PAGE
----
The second week in India, after no less than three birthday celebrations for M. (one of which was not-so-secretly disguised as an engagement party, four-tier wedding cake and all), all 21 of us traveled south, from Bangalore to Kerala.
It’s often said that Kerala — with its intoxicating lagoons and lazy rivers, fresh, seafood-driven cuisine, Ayurverdic philosophy, and slower way of life — is the “true India.” If it’s any indication, it was here we felt most peaceful, most content.
One day we took a riverboat tour of Kumarakom, a backwaters town on the shore of Vembanad Lake. Moving at the slow and intimate pace of the boat, we saw men and boys fishing — some for fish in the narrow village river, others for valuable Vembanad sand, which is used as a building material — and women washing clothes. We saw homes, and churches, and schools. We saw lives being lived. It was exquisite.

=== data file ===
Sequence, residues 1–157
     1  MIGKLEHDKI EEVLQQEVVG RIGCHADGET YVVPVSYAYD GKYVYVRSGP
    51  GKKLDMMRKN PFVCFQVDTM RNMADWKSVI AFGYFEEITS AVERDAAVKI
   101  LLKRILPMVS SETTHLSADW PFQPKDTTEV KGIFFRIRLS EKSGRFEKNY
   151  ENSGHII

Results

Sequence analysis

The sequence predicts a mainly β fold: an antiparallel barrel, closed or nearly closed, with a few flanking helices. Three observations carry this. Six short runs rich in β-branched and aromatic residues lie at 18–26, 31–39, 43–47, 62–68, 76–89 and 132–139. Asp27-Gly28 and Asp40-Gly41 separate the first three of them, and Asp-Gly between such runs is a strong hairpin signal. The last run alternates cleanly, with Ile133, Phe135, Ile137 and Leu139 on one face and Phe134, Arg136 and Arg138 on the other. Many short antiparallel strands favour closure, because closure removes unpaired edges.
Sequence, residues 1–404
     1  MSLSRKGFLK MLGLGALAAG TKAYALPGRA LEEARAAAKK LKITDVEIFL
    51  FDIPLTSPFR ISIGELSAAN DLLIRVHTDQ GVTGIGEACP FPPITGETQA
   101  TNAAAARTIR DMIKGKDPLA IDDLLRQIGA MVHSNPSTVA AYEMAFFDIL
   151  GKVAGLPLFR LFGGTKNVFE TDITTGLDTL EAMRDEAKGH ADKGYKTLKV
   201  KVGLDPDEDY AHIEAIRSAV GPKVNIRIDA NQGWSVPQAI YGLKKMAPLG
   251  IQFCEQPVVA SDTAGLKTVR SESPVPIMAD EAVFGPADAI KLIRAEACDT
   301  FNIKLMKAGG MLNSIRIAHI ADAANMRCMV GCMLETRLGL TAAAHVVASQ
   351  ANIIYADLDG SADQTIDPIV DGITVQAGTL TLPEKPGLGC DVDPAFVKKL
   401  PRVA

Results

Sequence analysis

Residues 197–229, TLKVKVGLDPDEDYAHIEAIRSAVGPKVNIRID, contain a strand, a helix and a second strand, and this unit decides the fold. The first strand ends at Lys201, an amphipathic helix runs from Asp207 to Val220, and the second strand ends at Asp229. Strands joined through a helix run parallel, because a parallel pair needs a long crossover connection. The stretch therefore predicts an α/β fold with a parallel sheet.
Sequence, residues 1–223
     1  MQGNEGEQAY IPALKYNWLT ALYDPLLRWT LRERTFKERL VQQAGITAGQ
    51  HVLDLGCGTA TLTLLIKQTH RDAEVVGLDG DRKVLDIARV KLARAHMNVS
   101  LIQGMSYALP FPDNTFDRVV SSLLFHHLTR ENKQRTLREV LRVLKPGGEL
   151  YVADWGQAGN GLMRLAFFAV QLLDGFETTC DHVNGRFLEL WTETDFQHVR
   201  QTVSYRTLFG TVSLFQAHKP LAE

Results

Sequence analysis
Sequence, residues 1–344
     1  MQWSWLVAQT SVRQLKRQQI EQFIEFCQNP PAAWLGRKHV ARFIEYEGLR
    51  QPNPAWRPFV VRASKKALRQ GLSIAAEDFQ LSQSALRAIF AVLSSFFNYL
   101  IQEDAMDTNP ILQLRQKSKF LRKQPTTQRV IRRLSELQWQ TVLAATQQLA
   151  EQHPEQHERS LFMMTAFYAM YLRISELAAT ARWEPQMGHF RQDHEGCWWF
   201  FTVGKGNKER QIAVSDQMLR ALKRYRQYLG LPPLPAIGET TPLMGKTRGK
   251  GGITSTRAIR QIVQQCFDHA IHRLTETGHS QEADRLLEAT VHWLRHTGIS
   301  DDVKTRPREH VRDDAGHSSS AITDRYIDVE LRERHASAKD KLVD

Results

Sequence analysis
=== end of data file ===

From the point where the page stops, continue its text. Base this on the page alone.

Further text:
My dad asked me what I thought of the way of life. While I hesitate to judge from the roof of a resort riverboat — not a bad place to do with less, I said. Not bad at all.
PS: As anneofgreentables pointed out — it has the highest literacy rate in India; plus it’s a matriarchal society and politically, sways socialist. So you can see why we might have been so content there.
"…it was here we felt most peaceful, most content." Well said, and so true.